Personally speaking - 'My mum was adopted by deputy head'

26th November 2010 at 00:00

Who has been your biggest influence?

My mother was a ward of court as a young student, and her deputy head adopted her as a means of keeping her safe and well. Mrs Ponting, now in her 80s, still lives in Kent and is known by everyone. My sons call her PG (Pretend Grandma).

What has been your career high so far?

Being nominated for a Teaching Award in 2008. It is as close to hearing what people might say at my funeral as I will ever get.

What was your worst moment in teaching?

The worst part of the job for many of us is when a parent is aggressive or threatening. This has thankfully happened very rarely over 23 years. On one occasion, the local police were so concerned that I was given support over Christmas, with my phone on an alert list in case of further threats.

Which pupil are you most proud of?

A young man who left the school some years ago with excellent Sats results and a Child of Courage Award, despite being in care, will always remind me what is possible if we reach for the stars.

What is the best piece of advice you have ever been given?

Sleep on it before tackling an emotive meeting. Distance can give new insight and stops molehills turning into mountains.

What would you be if you hadn't become a teacher?

I wanted to be a Blue Peter presenter. I did once apply, and had a possible opportunity to work for the BBC, but I was pregnant with my eldest son, so the timing wasn't right. A Year 6 class wrote to Blue Peter and got me a badge, however.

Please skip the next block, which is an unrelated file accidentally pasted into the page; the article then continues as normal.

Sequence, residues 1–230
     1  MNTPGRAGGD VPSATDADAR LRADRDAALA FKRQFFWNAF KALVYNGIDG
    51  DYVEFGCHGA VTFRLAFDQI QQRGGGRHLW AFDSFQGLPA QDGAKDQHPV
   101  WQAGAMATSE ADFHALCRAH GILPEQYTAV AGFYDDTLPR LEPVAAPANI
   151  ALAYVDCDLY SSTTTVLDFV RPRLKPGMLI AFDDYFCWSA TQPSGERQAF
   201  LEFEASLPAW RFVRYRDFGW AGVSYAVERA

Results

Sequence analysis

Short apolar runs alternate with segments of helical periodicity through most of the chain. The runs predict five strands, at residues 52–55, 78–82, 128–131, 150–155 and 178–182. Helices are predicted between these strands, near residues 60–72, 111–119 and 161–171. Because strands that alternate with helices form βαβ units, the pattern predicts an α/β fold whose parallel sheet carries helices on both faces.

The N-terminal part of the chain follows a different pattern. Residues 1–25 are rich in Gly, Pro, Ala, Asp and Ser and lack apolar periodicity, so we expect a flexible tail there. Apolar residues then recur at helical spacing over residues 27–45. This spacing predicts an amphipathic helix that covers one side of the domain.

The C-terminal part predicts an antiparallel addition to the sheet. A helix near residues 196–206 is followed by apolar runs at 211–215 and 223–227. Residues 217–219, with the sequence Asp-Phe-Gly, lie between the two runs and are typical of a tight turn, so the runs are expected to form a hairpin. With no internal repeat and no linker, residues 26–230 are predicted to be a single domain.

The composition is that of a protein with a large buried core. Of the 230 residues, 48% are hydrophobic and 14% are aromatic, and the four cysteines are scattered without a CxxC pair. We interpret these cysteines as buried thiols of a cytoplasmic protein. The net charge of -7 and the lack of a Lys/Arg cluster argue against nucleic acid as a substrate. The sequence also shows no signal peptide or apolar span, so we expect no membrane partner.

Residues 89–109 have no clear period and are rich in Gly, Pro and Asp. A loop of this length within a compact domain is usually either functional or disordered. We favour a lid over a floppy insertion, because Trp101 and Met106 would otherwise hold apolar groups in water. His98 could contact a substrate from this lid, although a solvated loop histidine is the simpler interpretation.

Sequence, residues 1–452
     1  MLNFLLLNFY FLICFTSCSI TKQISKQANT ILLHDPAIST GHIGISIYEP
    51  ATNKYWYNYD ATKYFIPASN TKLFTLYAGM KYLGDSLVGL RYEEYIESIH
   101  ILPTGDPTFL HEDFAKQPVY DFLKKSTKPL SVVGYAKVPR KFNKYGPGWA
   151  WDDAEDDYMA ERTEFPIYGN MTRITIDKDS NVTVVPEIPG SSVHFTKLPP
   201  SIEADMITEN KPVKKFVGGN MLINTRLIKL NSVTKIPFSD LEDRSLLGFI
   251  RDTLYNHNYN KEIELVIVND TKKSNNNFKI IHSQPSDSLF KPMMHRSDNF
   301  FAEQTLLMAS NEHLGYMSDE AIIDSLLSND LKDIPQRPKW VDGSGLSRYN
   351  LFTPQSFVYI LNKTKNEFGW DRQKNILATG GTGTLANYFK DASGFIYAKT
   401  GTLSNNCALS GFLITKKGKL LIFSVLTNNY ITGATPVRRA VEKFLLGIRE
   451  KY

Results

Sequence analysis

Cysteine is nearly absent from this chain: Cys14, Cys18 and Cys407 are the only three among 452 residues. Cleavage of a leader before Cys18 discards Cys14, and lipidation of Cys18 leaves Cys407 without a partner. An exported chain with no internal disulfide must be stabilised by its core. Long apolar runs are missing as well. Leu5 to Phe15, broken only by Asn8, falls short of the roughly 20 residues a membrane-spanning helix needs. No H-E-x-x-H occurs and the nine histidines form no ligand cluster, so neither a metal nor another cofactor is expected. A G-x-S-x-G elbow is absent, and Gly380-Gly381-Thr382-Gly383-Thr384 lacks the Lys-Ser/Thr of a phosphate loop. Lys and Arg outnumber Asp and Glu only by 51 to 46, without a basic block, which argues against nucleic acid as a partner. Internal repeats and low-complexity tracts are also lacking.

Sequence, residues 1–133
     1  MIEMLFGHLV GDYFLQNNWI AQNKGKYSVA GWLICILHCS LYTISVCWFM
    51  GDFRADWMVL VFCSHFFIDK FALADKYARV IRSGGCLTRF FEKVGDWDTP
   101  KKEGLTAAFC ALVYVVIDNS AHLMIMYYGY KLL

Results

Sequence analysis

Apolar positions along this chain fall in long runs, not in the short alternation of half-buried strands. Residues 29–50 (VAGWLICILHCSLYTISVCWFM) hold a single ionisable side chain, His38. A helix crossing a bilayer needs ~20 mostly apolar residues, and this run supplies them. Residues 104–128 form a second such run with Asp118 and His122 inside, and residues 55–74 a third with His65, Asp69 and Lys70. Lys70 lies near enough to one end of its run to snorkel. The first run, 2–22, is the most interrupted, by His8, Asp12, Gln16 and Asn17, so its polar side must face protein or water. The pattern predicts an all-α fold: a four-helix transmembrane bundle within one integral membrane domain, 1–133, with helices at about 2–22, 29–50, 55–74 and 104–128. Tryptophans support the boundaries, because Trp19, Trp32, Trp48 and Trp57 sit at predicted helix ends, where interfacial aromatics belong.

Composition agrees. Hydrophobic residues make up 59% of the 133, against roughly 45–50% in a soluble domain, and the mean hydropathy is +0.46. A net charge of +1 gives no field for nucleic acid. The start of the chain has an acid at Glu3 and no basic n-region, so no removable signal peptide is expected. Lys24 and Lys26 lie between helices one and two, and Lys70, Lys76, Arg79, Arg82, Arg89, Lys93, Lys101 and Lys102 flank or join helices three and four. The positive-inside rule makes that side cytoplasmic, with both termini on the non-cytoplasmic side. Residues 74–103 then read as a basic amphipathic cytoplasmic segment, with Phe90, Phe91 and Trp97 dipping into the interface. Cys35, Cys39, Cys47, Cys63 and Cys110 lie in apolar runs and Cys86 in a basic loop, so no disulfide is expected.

What do you do on a Friday evening?

Drink wine, eat crisps, watch items on TV I don't need to think too deeply about.

Are you tech savvy or a Luddite?

I love technology but get frustrated when it doesn't work. I still like a paper diary.

What is the worst excuse you have ever heard?

Probably me coming home on a Friday and blaming my lack of charm on it being "one of those days". My then 14-year-old son said: "Just because you have been Mother Teresa to other people's children, don't come home and take it out on us!" A great leveller.

Debra Massey is head of Howe Dell Primary, in Hatfield, Hertfordshire. She was named primary headteacher of the year at the 2008 Teaching Awards.

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